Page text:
It is important to understand what we as a race of human beings were like before the dawn of the scientific age. This is not actually the best way to pose this question, because we have always been scientific; we have always sought to understand the world around us and organize our observations into coherent theories. The difference between then and now is that the emphasis is on what we can perceive with our physical senses and less on what we know intuitively or can come up with creatively. The challenge today is to strive for a balance between these two world views.
There is a lot of evidence that ancient civilizations had more knowledge of the way the world works than scientists today are willing to acknowledge. The Pyramids of Egypt are a good example. Engineers are puzzled by the degree of accuracy with which the pyramids were built, accuracy that would be hard to duplicate even with today’s technology. The ancient Egyptians did not have GPS, and yet the pyramids are laid out as if they did.
Since the Egyptians did not have the tools we have today, how is it that they were able to achieve such results? Laying aside for the moment all of the popular theories about their methods, we want to acknowledge that though their world view was different, the spirit they brought to their endeavors was identical to the spirit we bring to our best achievements today. Little has changed in this regard. The human spirit and desire for understanding and articulating our knowledge is the same now as it was then.
But the way they organized what they knew was different. They had a different way of expressing it. In our current philosophical framework, it is very important to separate what we know from what we believe. Our rational and intuitive faculties are kept strictly apart. But for the ancients, science and religion were one and the same. The split had not yet taken place. And it is easy for us to jump to the conclusion that because they were the same that there was no science. This mistaken assumption is the main stumbling block to understanding the Bible.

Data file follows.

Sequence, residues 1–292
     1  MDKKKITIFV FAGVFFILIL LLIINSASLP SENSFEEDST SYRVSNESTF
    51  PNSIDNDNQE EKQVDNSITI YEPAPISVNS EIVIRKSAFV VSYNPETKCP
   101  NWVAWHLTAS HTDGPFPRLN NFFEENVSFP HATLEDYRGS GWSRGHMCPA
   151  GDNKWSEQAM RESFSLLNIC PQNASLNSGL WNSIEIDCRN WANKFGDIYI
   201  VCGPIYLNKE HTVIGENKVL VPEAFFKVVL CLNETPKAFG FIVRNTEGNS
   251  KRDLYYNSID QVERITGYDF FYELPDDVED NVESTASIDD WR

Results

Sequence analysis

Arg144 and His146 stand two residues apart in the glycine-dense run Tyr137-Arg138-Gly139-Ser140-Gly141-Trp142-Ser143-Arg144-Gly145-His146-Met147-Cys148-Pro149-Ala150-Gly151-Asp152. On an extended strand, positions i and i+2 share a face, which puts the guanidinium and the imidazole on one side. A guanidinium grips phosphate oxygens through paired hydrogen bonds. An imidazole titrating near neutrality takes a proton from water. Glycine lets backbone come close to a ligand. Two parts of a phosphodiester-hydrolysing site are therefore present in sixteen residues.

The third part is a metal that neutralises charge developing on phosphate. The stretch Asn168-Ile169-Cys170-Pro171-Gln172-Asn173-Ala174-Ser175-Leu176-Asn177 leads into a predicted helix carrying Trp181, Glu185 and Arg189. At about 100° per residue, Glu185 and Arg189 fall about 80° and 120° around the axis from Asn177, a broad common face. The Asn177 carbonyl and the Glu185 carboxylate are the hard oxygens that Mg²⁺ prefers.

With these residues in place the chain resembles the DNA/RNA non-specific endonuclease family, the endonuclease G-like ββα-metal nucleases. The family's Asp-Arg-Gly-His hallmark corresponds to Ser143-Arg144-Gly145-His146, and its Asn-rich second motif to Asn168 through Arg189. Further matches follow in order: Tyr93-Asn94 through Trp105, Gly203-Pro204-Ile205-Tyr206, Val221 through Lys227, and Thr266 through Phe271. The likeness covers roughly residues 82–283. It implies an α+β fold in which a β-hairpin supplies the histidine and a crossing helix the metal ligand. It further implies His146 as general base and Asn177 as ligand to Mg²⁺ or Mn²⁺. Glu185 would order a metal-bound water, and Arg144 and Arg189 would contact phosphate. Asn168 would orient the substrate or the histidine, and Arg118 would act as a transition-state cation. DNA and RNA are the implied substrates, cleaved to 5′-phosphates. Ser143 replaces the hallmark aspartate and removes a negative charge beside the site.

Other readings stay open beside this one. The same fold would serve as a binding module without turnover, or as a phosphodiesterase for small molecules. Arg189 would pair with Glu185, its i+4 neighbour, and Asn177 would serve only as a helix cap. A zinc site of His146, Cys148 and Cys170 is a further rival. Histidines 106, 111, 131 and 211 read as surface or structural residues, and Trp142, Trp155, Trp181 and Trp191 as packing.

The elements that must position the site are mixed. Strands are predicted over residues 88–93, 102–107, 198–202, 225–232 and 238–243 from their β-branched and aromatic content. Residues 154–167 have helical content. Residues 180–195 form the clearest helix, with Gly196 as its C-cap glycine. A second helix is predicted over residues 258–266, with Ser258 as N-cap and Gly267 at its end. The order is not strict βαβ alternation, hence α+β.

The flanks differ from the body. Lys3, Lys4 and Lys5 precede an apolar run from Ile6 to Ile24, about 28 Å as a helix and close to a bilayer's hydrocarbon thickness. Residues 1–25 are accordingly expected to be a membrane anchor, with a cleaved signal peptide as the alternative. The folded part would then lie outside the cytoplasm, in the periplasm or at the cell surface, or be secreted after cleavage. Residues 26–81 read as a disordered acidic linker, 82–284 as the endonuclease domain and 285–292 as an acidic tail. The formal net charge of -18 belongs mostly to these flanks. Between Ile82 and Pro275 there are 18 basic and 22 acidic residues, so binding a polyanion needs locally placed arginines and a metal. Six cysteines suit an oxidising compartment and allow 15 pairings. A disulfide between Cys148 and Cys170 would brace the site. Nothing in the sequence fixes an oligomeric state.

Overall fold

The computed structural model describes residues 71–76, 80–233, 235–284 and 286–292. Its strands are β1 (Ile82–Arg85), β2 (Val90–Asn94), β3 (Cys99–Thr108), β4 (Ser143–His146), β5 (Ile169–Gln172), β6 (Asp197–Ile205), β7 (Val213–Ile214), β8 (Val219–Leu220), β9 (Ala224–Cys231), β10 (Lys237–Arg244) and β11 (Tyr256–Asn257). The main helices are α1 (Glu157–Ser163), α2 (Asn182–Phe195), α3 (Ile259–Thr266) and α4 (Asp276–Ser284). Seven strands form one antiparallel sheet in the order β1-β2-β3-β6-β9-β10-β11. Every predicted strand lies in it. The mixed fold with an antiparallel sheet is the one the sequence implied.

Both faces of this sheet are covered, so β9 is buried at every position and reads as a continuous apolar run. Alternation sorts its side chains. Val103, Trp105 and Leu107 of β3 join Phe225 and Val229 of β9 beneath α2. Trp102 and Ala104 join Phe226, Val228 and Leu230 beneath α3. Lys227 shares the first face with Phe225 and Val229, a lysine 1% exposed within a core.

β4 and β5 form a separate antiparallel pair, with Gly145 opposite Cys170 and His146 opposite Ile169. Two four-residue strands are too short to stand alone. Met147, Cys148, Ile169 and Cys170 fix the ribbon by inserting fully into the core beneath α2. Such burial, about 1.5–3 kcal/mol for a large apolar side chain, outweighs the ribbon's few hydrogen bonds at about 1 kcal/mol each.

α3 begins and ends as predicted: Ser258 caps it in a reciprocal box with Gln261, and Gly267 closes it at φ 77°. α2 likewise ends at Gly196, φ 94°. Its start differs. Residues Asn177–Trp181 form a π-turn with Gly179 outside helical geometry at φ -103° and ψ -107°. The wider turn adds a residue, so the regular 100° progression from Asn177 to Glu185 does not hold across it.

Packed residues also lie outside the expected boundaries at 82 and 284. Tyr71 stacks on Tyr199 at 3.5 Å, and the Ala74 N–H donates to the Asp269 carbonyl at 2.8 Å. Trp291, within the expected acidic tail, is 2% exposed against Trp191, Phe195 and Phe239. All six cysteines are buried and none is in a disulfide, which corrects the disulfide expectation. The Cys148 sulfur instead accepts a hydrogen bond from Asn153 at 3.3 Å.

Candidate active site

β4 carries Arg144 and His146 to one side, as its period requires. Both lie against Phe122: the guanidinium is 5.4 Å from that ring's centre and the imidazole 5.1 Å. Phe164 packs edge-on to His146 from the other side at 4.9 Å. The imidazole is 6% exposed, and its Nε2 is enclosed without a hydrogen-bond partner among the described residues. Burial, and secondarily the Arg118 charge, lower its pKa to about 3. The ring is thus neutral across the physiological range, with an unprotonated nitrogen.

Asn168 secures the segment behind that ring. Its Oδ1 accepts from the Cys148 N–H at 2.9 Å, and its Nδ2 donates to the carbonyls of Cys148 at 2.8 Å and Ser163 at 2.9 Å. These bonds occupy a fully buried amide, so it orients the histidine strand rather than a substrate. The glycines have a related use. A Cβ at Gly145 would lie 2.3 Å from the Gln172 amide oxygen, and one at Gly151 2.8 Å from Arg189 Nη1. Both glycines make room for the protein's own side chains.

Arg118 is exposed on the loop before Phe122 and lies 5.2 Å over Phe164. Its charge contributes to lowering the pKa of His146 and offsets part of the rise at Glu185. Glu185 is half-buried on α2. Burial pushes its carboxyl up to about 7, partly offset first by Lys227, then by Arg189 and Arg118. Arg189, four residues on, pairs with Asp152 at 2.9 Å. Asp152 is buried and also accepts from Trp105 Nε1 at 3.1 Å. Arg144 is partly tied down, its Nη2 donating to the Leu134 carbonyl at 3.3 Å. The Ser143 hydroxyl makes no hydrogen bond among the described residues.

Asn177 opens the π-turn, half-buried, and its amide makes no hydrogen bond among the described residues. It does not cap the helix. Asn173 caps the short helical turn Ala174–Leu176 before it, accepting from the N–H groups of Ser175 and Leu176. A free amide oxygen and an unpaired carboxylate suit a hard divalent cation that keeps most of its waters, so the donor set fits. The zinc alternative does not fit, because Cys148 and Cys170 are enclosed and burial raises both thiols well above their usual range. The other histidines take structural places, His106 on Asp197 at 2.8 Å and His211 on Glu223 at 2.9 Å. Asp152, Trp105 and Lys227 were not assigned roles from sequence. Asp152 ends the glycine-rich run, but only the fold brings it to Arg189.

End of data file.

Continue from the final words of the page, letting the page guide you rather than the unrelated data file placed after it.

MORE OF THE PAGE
The scientific part of our nature has always recognized that the world operates according to principles. We talk of them now in terms of the Laws of Thermodynamics and more recently in terms of Quantum Physics. And we are able to distinguish among the different laws because of the way we use the language. But the ancients called these principles “gods” and were able to distinguish them by giving them different names and attributes. The stories of the gods were symbolic representations of how the principles they represented interacted with one another (Campbell). Without the scientific language we have today, stories were the only form they could use. And just as understanding science requires advanced degrees from specialized universities, for those in the ancient world understanding the symbolic meanings of the stories required elaborate stages of initiation.
Don’t make the mistake of thinking that what the ancients were up to was merely science as we understand it to be, only in its infancy. Nothing could be further from the truth. What we need to admit to ourselves as a race is that our intuitive faculties are in a state of extreme atrophy, but in the ancients they were in full career. What our compromised intuition allows for is a misconception of the world as a machine, a mechanism devoid of consciousness and intelligence. We have lost the ability to sense Life as a living energy. But the ancients knew that the world is alive, and the best way they could describe what they saw was to put it into story form.
Unless you can see the world through their eyes, you will not be able to understand the Bible.